Focus on the Future is a series that seeks to highlight the early career scientists who conduct research at the Smithsonian's National Zoo and Conservation Biology Institute. Learn about undergraduate, graduate and post-doctoral fellows and the conservation research they are supporting through first-hand accounts and stories.
Featured photos provided by Juliana Vélez Gómez.
I was born and raised in Bogotá, Colombia, where I explored the stunning biodiversity and captivating landscapes of my homeland. However, I also saw conservation challenges associated with resource extraction, which motivated me to pursue a career in conservation biology. I studied biology as an undergrad and did my master’s in biology, primarily studying lowland tapirs, which were also one of the focal species of my doctoral research in conservation sciences.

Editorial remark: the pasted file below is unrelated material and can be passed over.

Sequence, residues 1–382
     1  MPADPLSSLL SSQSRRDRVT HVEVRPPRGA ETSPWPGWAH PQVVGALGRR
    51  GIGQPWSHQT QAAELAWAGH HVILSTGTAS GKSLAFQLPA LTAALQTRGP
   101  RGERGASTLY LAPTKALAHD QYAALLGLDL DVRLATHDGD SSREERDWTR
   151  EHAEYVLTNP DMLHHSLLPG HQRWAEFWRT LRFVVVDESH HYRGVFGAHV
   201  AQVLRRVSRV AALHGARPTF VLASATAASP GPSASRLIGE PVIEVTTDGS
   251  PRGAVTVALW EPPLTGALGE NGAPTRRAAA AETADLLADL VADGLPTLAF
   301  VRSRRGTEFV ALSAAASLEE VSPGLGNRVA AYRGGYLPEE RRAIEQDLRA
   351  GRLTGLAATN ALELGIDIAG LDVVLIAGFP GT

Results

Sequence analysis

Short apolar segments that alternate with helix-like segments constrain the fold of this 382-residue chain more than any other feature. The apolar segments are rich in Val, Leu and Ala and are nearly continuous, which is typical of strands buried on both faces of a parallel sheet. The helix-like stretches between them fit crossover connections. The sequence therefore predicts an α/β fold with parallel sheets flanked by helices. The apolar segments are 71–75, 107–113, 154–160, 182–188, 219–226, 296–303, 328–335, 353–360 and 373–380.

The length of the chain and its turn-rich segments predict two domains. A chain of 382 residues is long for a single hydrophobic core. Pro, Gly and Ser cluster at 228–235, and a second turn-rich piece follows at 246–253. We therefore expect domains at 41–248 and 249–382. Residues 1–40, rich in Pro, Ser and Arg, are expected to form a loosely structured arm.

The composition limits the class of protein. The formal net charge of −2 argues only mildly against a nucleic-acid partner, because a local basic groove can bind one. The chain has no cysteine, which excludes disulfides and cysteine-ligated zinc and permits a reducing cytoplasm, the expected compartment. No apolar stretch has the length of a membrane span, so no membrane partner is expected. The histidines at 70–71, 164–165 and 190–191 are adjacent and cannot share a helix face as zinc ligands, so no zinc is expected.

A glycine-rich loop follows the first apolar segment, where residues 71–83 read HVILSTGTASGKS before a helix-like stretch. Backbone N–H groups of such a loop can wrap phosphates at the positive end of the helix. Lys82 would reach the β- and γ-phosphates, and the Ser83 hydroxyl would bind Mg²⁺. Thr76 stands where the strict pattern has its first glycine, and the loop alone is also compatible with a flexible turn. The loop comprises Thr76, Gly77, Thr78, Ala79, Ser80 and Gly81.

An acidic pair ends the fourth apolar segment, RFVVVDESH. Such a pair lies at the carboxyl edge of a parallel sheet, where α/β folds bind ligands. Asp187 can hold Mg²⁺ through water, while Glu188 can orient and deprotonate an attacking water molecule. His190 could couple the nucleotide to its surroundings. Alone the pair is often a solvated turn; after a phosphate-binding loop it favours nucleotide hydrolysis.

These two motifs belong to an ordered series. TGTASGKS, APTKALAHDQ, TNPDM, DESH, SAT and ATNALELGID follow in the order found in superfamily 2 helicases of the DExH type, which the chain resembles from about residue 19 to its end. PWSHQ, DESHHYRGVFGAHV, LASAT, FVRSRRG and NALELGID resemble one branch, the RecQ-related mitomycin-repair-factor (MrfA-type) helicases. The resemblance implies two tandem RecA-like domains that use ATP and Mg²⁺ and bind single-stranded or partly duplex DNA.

When the Fulbright scholarship that sponsored part of my Ph.D. ended in 2021, my advisor at the University of Minnesota, John Fieberg, encouraged me to apply for a pre-doctoral fellowship with the Smithsonian’s National Zoo and Conservation Biology Institute. During this fellowship, I finished the first chapter of my dissertation, in which I evaluated the use of artificial intelligence tools for processing camera trap data, and I analyzed the data I had collected in multifunctional landscapes in the Colombian Orinoquía Region. I was interested in understanding interactions among wildlife and domestic animals and other forms of anthropogenic disturbance. When cattle roam freely in the forest in search of water and forage, they often degrade the understory and habitat for wildlife. At the same time, the cattle would get stuck in the mud within the forest and die trying to get out. It was a lose-lose situation for both wildlife and ranchers, and I realized there was an opportunity to help improve management in these systems to sustain both conservation and economic objectives.